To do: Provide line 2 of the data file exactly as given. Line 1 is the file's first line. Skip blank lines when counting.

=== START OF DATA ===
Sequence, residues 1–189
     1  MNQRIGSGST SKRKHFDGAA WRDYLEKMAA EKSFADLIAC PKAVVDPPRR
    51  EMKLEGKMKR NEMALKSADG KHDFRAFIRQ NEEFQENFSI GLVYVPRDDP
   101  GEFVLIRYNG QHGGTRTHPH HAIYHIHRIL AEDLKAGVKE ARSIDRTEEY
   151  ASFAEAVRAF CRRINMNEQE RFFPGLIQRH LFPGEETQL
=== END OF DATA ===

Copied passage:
     1  MNQRIGSGST SKRKHFDGAA WRDYLEKMAA EKSFADLIAC PKAVVDPPRR